19 October 2008
The French Plan to Exterminate the Armenians – Cilicia 1918 – 1922, The Death Camp of Hacin By Selahattin Sert, in Turkish, Kum Saati Yayinlari, Istanbul 2005
(Fransizlarin Ermenileri Yok Etme Plani – Kilikya 1918 – 1922, Hacin Olum Kampi)
Hacin, now called Saimbeyli, is located high on the Taurus mountains not too far from Kayseri. It is actually a district of Adana, a province around 200 km from Hacin. One of the longest battles during the war of independence took place in Hacin which came under the French occupation following the signing of the Mondros Treaty on October 30, 1918. Turkey was forced to sign the treaty with the Allies following her defeat . in the First World War which led to the occupation of Ottoman lands by the British, the Italian, the Russians and the French. French forces occupied Syria and Cilicia, the area around the Seyhan and the Ceyhan rivers, and thousands of Armenians from Syria and other countries joined the French forces. The battle of Hacin turned out to be between the Armenians and the Turks when the Armenians tried to establish a state in Cilicia and a group of fanatics even declared the Armenian republic of Cilicia on August 5, 1920 which lasted for less than an hour.
The French actually had two objectives: one to use the Armenians in the fight against the Turkish nationalist forces who were resisting the occupation and second, secretly to exterminate the Armenians. This is what Selahattin Sert tells in his 651 page book and explains the events that took place between 1918 – 1922 in Cilicia, the southern part of Turkey that includes Adana, which has not been told before in such detail. The author, born in Hacin in 1954, has spent over 20 years researching the history of the French occupation and the Hacin and writing the book.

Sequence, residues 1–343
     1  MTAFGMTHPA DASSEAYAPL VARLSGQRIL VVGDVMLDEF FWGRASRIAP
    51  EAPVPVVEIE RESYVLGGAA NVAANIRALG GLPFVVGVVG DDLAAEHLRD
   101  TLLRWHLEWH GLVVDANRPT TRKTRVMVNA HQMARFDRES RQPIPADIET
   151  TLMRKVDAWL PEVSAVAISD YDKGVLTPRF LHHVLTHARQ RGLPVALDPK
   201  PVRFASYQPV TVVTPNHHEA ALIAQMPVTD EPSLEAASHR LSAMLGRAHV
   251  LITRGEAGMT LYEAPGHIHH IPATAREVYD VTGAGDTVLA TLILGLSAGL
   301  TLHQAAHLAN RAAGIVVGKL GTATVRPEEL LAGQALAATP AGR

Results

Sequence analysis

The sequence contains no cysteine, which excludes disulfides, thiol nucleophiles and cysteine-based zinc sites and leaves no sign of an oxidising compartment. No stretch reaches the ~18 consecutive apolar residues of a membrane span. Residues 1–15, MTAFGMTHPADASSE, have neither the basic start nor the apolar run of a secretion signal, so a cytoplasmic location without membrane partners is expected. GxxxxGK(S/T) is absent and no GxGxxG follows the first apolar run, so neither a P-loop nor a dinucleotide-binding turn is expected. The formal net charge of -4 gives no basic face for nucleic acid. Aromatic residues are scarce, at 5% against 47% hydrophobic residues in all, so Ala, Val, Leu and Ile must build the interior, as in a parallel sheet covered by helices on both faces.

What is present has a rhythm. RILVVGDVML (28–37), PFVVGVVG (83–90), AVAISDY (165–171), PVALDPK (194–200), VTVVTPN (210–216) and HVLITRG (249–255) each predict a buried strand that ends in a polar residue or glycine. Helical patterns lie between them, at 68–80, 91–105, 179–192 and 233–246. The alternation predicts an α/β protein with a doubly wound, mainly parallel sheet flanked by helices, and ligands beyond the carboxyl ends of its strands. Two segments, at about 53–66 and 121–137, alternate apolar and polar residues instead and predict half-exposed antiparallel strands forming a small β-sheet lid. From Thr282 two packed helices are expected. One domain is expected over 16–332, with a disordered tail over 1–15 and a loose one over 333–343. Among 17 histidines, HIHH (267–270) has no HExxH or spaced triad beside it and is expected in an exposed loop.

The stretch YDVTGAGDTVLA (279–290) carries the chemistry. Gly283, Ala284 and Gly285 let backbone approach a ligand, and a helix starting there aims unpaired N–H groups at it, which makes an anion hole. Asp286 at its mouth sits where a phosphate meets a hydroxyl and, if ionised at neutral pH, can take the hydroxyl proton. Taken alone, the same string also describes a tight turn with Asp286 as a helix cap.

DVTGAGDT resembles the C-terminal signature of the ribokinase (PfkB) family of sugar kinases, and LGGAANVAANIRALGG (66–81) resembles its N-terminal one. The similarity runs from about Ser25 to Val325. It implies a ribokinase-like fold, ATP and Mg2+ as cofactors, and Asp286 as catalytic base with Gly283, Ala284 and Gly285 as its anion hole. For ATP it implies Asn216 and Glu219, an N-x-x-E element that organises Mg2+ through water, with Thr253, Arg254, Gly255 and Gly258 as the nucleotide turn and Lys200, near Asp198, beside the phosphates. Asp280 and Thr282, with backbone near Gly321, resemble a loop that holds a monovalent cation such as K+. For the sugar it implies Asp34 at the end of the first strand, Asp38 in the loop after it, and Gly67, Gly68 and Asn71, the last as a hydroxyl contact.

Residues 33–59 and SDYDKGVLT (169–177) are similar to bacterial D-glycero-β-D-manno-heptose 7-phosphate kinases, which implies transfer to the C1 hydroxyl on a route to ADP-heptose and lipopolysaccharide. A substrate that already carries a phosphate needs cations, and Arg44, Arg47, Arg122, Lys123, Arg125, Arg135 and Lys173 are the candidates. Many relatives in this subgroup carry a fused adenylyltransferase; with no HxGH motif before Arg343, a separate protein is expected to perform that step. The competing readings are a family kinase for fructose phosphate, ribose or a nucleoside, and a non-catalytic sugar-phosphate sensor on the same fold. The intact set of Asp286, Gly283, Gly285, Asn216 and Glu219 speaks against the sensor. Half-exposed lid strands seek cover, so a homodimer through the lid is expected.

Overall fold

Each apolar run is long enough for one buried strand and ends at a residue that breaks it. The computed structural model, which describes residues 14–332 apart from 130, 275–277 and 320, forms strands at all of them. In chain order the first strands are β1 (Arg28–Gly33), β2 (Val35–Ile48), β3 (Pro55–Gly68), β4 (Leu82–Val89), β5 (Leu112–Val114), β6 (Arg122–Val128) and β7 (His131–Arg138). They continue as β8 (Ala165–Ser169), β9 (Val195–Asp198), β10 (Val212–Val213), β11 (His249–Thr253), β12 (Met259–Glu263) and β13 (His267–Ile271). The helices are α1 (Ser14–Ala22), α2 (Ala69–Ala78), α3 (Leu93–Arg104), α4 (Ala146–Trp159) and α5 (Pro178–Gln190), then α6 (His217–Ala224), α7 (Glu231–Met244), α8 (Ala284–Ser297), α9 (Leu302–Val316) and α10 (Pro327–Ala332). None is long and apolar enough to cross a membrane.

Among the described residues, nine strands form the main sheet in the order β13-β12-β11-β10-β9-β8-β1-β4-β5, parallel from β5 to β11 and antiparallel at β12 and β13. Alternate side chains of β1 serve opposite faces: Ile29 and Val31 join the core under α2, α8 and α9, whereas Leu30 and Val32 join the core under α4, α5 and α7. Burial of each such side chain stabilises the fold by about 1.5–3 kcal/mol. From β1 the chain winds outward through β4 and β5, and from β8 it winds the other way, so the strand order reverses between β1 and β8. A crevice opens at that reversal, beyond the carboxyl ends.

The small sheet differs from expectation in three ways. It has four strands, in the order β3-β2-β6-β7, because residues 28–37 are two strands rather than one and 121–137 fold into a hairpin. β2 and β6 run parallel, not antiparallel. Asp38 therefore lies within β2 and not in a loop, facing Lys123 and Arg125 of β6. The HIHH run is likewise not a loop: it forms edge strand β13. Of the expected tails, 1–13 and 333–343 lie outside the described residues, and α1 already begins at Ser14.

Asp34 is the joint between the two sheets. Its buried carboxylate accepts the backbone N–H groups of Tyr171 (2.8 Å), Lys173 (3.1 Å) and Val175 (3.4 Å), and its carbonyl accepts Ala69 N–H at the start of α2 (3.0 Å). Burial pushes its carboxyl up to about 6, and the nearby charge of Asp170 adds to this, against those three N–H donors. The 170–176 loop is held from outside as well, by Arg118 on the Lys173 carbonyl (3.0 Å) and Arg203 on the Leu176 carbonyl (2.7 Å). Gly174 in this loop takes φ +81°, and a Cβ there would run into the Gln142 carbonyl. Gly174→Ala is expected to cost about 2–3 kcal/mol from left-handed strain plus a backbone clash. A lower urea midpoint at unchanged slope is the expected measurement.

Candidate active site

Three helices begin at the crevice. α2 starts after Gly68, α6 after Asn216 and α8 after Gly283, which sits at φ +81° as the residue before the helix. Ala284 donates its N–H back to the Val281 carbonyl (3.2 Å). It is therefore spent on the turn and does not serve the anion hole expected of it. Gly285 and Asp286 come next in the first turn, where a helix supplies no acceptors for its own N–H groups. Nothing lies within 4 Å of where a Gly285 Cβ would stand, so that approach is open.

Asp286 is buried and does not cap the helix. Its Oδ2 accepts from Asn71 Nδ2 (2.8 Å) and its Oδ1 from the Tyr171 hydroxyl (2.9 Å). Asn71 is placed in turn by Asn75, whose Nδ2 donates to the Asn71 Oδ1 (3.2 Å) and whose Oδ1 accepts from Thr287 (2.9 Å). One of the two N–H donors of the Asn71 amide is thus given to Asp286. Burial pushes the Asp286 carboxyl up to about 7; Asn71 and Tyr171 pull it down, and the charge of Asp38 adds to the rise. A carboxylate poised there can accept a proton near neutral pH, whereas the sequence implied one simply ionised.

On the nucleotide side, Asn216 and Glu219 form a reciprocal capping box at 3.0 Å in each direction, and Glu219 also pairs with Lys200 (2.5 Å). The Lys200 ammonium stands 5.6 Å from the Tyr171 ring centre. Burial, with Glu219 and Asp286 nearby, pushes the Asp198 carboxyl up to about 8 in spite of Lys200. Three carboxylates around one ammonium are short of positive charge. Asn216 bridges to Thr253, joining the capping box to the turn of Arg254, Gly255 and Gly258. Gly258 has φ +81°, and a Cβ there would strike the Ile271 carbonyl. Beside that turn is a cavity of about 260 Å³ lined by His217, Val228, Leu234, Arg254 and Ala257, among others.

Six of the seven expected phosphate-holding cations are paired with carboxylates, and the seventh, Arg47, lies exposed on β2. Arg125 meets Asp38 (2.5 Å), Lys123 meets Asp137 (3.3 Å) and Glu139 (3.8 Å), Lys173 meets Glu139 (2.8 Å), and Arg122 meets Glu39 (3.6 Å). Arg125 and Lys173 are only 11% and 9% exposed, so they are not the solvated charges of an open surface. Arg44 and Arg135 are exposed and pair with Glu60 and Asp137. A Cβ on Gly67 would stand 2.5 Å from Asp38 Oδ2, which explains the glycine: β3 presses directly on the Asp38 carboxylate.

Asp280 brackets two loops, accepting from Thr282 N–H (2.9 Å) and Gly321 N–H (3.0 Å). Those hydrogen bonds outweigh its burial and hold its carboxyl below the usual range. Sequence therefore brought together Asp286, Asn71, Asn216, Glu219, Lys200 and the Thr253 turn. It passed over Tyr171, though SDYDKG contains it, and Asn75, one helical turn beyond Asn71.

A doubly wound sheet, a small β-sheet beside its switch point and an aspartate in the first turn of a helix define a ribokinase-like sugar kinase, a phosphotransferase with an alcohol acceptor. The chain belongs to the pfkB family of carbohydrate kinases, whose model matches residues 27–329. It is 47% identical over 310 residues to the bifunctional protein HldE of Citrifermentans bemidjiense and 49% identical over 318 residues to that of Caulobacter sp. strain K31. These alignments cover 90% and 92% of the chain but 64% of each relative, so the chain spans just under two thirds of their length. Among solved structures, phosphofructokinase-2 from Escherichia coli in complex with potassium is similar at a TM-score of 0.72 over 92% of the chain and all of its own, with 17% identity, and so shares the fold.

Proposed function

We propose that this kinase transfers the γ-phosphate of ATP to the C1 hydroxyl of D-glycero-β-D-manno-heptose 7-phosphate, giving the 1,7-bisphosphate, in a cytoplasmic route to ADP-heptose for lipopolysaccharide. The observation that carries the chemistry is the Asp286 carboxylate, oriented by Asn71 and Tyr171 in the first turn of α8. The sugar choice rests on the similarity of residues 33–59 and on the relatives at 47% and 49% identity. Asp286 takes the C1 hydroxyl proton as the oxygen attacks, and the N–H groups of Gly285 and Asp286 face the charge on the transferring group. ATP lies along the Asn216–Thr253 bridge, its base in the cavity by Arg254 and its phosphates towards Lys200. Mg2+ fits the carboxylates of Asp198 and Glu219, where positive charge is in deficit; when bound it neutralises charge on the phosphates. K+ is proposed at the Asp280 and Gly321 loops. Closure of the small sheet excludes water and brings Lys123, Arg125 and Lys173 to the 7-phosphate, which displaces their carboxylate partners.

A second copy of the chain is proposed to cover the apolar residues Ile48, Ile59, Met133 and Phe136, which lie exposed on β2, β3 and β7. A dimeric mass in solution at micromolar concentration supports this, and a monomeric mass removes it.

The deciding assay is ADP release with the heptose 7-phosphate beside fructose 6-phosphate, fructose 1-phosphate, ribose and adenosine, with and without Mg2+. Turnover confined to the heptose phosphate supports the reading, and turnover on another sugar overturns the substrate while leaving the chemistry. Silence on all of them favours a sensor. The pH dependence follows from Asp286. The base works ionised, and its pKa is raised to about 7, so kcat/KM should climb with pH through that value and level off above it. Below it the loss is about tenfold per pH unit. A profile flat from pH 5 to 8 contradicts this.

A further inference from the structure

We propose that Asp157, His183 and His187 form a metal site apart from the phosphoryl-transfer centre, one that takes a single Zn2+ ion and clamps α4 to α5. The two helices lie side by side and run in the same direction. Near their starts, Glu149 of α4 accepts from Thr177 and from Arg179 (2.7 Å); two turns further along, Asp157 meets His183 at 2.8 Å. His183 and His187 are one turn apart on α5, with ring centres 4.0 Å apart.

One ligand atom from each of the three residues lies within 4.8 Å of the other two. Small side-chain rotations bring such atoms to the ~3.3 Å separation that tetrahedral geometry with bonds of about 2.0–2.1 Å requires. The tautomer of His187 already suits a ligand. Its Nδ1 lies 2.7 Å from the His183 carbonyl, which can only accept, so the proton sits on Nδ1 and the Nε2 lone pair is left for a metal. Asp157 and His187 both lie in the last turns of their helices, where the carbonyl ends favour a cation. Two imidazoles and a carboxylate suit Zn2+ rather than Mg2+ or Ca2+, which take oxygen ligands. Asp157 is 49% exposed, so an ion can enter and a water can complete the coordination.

There must be thousands of stories of the Armenian atrocities committed against the Turks during the war years which may never be told. Unfortunately, there were few educated Turks among the fighters during those years who could read or write and therefore there are very few first hand accounts. According to the author, many missionary schools, including the American College in Hacin, were busy educating the minorities and helping them with their causes. Thousands of Armenians living abroad returned to Cilicia to take part in the struggle. Armenians were fooled to believe in false promises by the Russians, the British and the French that they would help them to create a state of their own on lands where they were never the majority. In order to achieve their goals, the Armenians continued with their uprisings that began in the 1860s and continued through 1914 and massacred the neighbors that they lived together for centuries, including in towns such as Hacin and the surrounding areas.
The book states that, in reality, the aim of the western powers after the First World War was the partitioning of the Ottoman lands and expulsion of Turks from Europe and Anatolia, and, at the same time the elimination of Armenians whom they saw as obstacles for their plans. The French was after the cotton grown in the region necessary for their textile sector and the gold mines around Hacin. The book tells the story of the battle started by the Armenians including by those who came to the region from abroad and who, at times, were at odds with the local Armenians. Among those who came to fight the Turks were the Russian commander Antranik and rebel Torkom who eventually went to Izmir and was responsible for the Izmir fire that destroyed the city in 1922.
The author makes frequent references to the report issued by General Harbord who was sent to Turkey in July 1918 by President Wilson and stated that there were close to 2 million Armenians living in Turkey and Syria at the time. Admiral Bristol, the US Ambassador at the time, also sent reports indicating that the aim of the Western powers was the destruction of the Ottoman Empire. Admiral Bristol also refutes reports sent by US Representative Engert on the killing of the Armenians. The author also cites from a book by French officer Pierre Loti, “The Death of our Beloved France in the East”, who mentions the atrocities committed by the Armenian rebels. There are also references to the Near East Relief Fund, established in 1915 as a quasi US government institution which is still active today as “the Near East Foundation” with an Armenian director. Mustafa Kemal visited the area and ordered the Turkish forces in the region to fight the French and the Armenian occupiers.